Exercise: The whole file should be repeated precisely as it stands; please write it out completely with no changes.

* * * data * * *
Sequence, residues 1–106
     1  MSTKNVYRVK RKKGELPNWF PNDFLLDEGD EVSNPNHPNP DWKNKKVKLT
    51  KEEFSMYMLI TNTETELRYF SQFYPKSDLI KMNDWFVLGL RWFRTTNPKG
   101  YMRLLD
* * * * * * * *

Sequence, residues 1–106
     1  MSTKNVYRVK RKKGELPNWF PNDFLLDEGD EVSNPNHPNP DWKNKKVKLT
    51  KEEFSMYMLI TNTETELRYF SQFYPKSDLI KMNDWFVLGL RWFRTTNPKG
   101  YMRLLD